ACKNOWLEDGEMENTS The DOE-BPXA CRA helps facilitate industry interest in the resource potential of shallow natural gas hydrate accumulations. DOE, USGS, and BPXA support of these studies is gratefully acknowledged. DOE National Energy Technology Lab staff Brad Tomer, Ray Boswell, Richard Baker, Edith Allison, Tom Mroz, Kelly Rose, Eilis Rosenbaum, and others have enabled continuation of this and associated research projects. Scott Digert, Gordon Pospisil, and others at BPXA continue to promote the importance of this cooperative research within industry. BPXA staff Micaela Weeks, Larry Vendl, Dennis Urban, Dan Kara, Paul Hanson, and others supported stratigraphic test well plans and successfully implemented Phase 3a well operations and data acquisition. The State of Alaska Department of Natural Resources through the efforts and leadership of Dr. Mark Myers, Bob Swenson, Paul Decker, and others has consistently recognized the contribution of this research toward identifying a possible additional unconventional gas resource and actively supported the Methane Hydrate Act of 2005 to enable continued funding of these studies. The USGS has led ANS gas hydrate research for three decades. Dr. Timothy Collett coordinates USGS partnership in the BPXA-DOE CRA. Seismic and associated reservoir characterization studies accomplished by Tanya Inks (Interpretation Services) and by USGS scientists Tim Collett, Myung Lee, Warren Agena, and David Taylor identified multiple MPU gas hydrate prospects. Support by USGS staff Bill Winters, Bill Waite, and Tom Lorenson and Oregon State University staff Marta Torres and Rick Colwell is gratefully acknowledged. Steve Hancock (RPS Energy) and Peter Weinheber (Schlumberger) helped design and implement MDT wireline testing. Scott Wilson at Ryder Scott Co. has progressed reservoir models from studies by the University of Calgary (Dr. Pooladi-Darvish) and the University of Alaska Fairbanks (UAF). Dr. Shirish Patil and Dr. Abhijit Dandekar have maintained the UAF School of Mining and Engineering as an arctic region gas hydrate research center. University of Arizona reservoir characterization studies led by Dr. Bob Casavant with Dr. Karl Glass, Ken Mallon, Dr. Roy Johnson, and Dr. Mary Poulton also described the structural and stratigraphic architecture of Eileen accumulation ANS Sagavanirktok formation gas hydrate-bearing reservoirs. Related studies of gas hydrate resource potential are too numerous to mention here. National Labs studies include Dr. Pete McGrail, CO2 injection experiments, and Dr. Mark White, reservoir modeling, at Pacific Northwest National Lab and Dr. George Moridis, reservoir modeling, and Dr. Jonny Rutqvist, geomechanics, at Lawrence Berkeley National Lab. Dr. Joe Wilder and Dr. Brian Anderson have led significant efforts of an International Reservoir Modeling Comparison team. The Colorado School of Mines under the leadership of Dr. Dendy Sloan and Dr. Carolyn Koh continue to progress laboratory and associated studies of gas hydrate. The significant efforts of international gas hydrate research projects such as those supported by the Directorate General of Hydrocarbons by the government of India and by the Japan Oil, Gas, and Metals National Corporation (JOGMEC) with the government of Japan and by others are significantly contributing to a better understanding of the resource potential of natural methane hydrate. JOGMEC and the government of Canada support of the 2002 and 2007-2008 Mallik project gas hydrate studies in Northwest Territories, Canada are gratefully acknowledged. This DOE-BPXA cooperative research project builds upon the accomplishments of many prior government, academic, and industry studies.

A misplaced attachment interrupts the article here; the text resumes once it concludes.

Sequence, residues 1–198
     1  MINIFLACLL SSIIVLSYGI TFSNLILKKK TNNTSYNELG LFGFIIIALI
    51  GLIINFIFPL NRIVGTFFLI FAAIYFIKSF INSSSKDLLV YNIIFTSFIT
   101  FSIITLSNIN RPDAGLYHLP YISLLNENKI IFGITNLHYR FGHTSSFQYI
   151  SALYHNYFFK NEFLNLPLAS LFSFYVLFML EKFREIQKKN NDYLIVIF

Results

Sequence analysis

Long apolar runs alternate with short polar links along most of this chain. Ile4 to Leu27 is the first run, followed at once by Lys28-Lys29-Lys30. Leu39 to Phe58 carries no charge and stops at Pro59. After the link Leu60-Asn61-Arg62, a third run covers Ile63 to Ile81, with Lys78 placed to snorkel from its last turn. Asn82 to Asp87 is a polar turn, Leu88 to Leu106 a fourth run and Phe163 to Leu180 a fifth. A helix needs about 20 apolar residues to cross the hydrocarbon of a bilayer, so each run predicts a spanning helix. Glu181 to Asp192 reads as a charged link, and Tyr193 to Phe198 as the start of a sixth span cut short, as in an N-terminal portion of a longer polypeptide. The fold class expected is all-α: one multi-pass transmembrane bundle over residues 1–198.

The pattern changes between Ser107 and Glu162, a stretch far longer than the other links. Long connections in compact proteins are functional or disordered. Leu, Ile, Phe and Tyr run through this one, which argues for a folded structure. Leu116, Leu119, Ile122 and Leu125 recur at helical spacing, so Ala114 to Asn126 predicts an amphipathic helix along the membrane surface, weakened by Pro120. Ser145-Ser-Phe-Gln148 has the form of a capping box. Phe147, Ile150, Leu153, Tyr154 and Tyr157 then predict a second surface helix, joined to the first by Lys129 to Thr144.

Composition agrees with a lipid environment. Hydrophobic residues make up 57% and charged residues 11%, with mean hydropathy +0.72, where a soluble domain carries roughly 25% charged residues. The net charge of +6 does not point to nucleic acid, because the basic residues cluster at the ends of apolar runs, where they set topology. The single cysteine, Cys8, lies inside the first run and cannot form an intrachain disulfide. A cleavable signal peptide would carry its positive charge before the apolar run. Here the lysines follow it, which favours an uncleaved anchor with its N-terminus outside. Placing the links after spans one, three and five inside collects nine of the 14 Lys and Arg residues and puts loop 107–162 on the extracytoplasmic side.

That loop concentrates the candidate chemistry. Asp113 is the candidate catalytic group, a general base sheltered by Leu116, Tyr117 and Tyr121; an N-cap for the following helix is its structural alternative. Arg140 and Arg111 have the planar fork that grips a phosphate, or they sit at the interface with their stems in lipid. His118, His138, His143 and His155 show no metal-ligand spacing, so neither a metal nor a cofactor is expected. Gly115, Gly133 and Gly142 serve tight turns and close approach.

• DE-FC-01NT41332 Quarterly Progress Reports 33-34, March 2011 Page iii

    TABLE OF CONTENTS 1.0 LIST OF TABLES AND FIGURES................................................................................ 1 2.0 EXECUTIVE SUMMARY ............................................................................................. 1 3.0 CURRENT STATUS REPORT ...................................................................................... 1 3.1 Continuation Application Status ...................................................................................... 1

    3.2 Cost Status ....................................................................................................................... 1 3.3 4Q10 1Q11 Reporting Period Significant Accomplishments....................................... 2 3.4 Actual or Anticipated Problems, Delays, and Resolution................................................ 2

    4.0 ACCOMPLISHMENTS SUMMARY, 4Q10 and 1Q11................................................. 2 4.1 External Communications, Reporting, and Contracts...................................................... 2 4.2 Internal Communications and Reporting ......................................................................... 2 4.3 Mount Elbert Stratig